What do young adults need to be successful in college, in careers, and in life? And what should educators do to ensure that their students have those qualities and skills when they graduate from high school?
A new report from the University of Chicago Consortium on Chicago School Research seeks to distill reams of research and insights from practitioners to help identify those core traits and give schools and community groups a developmentally sensitive roadmap for nurturing them in children.
There’s growing understanding that students need more than strong academic skills, but you’d be forgiven if you found it a little confusing to make sense of a swelling swirl of research about non-cognitive skills, social-emotional learning, academic mindsets, and student engagement. The report, “Foundations for Young Adult Success: A Developmental Framework,” seeks to show how those ideas fit together into sort of an ecosystem with the aim of helping educators and policymakers design and implement smart practices.
“This new report underscores that in order to be poised for success as young adults, children need to acquire both content knowledge and a wide range of skills, attitudes and behaviors that develop throughout childhood and adolescence,” University of Chicago CCSR deputy director Jenny Nagaoka said in a statement. “This report is a first step in guiding practitioners, policymakers, parents, and researchers toward fulfilling this wider vision, whether in reimagining how to coach a basketball team, reshaping policies in a local school district or selecting an afterschool program for one’s child. Ensuring that young people grow into successful young adults requires investments in their learning and development from early childhood to young adulthood.”
The report was funded through a competitive grant process by the Wallace Foundation, which also helps to support Education Week’s coverage of leadership, expanded learning time, and arts education. To draw their conclusions, the report’s authors interviewed students and practitioners and reviewed research from the fields of youth development, psychology, sociology, education, and the cognitive sciences.
What are key factors for success?
The report identifies three key factors young adults need to become “thriving members of their communities":
- Agency is the ability to determine the course of one’s life “rather than simply reacting to external forces.”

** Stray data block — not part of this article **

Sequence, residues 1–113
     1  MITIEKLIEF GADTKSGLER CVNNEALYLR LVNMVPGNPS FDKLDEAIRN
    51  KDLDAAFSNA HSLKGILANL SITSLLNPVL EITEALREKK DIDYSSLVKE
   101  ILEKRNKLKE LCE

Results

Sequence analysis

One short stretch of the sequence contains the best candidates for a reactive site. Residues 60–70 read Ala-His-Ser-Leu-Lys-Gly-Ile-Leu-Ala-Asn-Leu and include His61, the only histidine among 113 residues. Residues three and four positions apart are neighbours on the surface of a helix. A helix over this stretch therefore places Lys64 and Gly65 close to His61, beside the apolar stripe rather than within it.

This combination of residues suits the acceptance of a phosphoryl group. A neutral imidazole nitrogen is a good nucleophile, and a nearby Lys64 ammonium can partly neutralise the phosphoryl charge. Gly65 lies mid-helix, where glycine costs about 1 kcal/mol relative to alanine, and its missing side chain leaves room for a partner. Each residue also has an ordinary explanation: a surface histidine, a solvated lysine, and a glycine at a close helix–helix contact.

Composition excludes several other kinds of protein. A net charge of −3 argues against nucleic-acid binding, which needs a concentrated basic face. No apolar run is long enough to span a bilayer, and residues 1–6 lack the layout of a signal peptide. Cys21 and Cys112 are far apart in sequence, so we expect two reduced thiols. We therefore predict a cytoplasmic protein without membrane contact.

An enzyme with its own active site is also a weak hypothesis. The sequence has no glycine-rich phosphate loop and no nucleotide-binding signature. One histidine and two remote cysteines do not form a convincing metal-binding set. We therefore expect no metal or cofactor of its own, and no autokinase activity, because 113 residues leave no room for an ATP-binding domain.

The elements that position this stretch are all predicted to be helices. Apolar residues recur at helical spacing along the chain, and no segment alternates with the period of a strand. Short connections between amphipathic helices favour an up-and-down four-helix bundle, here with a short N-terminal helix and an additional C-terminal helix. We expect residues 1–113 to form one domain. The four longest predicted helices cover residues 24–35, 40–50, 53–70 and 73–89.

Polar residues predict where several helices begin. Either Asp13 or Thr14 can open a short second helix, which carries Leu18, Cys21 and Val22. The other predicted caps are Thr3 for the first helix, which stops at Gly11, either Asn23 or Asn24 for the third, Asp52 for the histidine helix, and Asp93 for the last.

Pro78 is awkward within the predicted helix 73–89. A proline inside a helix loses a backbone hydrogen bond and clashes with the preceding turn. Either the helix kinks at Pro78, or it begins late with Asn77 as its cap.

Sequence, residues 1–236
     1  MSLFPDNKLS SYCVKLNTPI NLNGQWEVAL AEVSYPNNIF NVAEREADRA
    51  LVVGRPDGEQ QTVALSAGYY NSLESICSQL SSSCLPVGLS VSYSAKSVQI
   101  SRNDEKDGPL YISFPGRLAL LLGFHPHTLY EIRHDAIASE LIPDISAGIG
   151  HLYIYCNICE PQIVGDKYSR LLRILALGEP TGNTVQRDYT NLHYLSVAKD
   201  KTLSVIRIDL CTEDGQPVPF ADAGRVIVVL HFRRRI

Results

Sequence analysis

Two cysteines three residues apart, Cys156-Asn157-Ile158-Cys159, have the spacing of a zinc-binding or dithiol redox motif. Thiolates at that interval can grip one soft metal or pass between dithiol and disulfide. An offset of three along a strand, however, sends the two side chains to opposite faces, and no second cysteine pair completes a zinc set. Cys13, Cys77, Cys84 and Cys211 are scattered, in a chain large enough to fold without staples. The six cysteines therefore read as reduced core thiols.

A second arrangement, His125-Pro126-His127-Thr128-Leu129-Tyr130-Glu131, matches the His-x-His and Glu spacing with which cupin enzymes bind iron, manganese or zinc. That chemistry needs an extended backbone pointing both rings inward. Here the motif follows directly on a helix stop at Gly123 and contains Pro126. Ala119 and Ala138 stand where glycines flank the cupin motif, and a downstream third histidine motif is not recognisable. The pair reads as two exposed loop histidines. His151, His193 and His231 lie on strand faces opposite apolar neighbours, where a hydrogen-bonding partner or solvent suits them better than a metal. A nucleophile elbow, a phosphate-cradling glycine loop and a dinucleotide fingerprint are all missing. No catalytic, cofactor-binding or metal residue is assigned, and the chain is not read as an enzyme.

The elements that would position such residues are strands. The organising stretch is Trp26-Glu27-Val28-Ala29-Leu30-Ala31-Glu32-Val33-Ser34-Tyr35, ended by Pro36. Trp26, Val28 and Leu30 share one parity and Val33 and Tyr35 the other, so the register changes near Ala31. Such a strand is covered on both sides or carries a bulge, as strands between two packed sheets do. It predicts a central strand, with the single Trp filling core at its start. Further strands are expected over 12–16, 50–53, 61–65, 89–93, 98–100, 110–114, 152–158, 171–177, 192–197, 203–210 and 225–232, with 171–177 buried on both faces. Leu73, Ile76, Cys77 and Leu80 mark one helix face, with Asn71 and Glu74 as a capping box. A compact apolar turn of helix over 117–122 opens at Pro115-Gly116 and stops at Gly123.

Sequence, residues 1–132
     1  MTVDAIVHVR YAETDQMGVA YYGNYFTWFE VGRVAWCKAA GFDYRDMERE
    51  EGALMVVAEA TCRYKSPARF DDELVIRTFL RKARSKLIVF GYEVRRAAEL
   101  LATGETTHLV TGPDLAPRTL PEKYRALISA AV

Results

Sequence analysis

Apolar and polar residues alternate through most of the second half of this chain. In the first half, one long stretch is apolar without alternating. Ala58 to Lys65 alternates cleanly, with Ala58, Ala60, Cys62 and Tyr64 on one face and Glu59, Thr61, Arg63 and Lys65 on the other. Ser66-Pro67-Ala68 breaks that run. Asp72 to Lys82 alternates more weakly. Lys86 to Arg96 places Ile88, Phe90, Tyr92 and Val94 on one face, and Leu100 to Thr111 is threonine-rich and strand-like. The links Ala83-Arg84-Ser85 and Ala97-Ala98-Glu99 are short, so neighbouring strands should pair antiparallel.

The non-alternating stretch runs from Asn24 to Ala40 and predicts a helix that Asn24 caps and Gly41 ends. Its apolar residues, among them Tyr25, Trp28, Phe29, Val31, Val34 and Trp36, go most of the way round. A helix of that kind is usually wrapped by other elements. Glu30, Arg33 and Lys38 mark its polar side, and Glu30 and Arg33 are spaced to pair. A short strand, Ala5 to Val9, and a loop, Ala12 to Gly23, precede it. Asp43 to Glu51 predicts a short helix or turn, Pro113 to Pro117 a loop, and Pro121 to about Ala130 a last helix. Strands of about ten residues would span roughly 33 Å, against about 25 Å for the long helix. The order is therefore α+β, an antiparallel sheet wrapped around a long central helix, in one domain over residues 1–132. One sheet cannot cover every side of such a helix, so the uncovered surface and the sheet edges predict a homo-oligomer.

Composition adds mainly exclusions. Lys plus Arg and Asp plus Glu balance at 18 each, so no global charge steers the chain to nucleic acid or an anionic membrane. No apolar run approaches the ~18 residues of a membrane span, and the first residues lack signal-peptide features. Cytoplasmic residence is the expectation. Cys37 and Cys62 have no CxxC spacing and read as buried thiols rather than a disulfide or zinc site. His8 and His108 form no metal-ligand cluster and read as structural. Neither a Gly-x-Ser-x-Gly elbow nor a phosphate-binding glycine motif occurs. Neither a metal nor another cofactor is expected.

- Integrated identity is a strong sense of self and an “internal compass” for making decisions that are consistent with one’s values and goals.
- Competencies are what it takes to be productive and adapt across settings.
Those success factors are supported by “foundational components” that develop throughout a child’s life, the report says:
- Self-regulation is the ability to manage attention, emotions, and behavior to achieve goals.
- Knowledge and skills about self, others, and the world.
- Mindsets are the “lenses individuals use to process everyday experiences” and the interactions between themselves and the world.
- Values are an individual’s beliefs about what is good and bad that inform decisions and actions in all areas.
If you’re familiar with much of the existing research and interventions related to social-emotional learning, growth mindsets, and 21st-century skills, it’s easy to see how those individual ideas relate to this framework. The key here is demonstrating how it all fits together.
How can schools nurture these traits?
The framework includes discussion of when these traits begin to develop in children, and it urges schools to be sensitive to that timeline as it seeks to nurture them.
It’s also important to be mindful that children’s backgrounds, living environments, and socio-economic factors affect their development in these areas, the report says. For example, some children may have fewer out-of-school relationships with supportive adults or fewer opportunities to explore the world and apply their values and mindsets.
Recognizing this, interventions designed to boost and buttress factors like self-control, the development of personal values, and mindsets should be designed around building meaningful relationships and giving children a variety of experiences through which they can regularly act and reflect, the guide says.
What are the policy implications?
In light of the importance of these traits, education policy shouldn’t overemphasize content knowledge and test-based accountability, the report says. Schools should be judged on a wider range of student outcomes, but policymakers should also be aware of the limitations of incorporating non-cognitive measures into accountability systems, the report says, echoing a recent warning by Angela Duckworth of the University of Pennsylvania and David Yeager of the University of Texas.
“Making this vision a reality will require a collective responsibility for all young people,” the report says. “It means asking practitioners to question their own beliefs about what is possible and rethink how they work with young people on a day-to-day basis. It means asking policymakers to focus on a bigger picture and broader set of outcomes and to consider policies that would support the efforts of practitioners in developing young people.”
The report includes this graphic to demonstrate how all of these ideas fit together. (Click on the image for a larger view).
What do you think? Is this framework helpful? Does it boost your understanding of this research and its applications?
Images from “Foundations for Young Adult Success: A Developmental Framework” by the University of Chicago Consortium on Chicago School Research.
A version of this news article first appeared in the Rules for Engagement blog.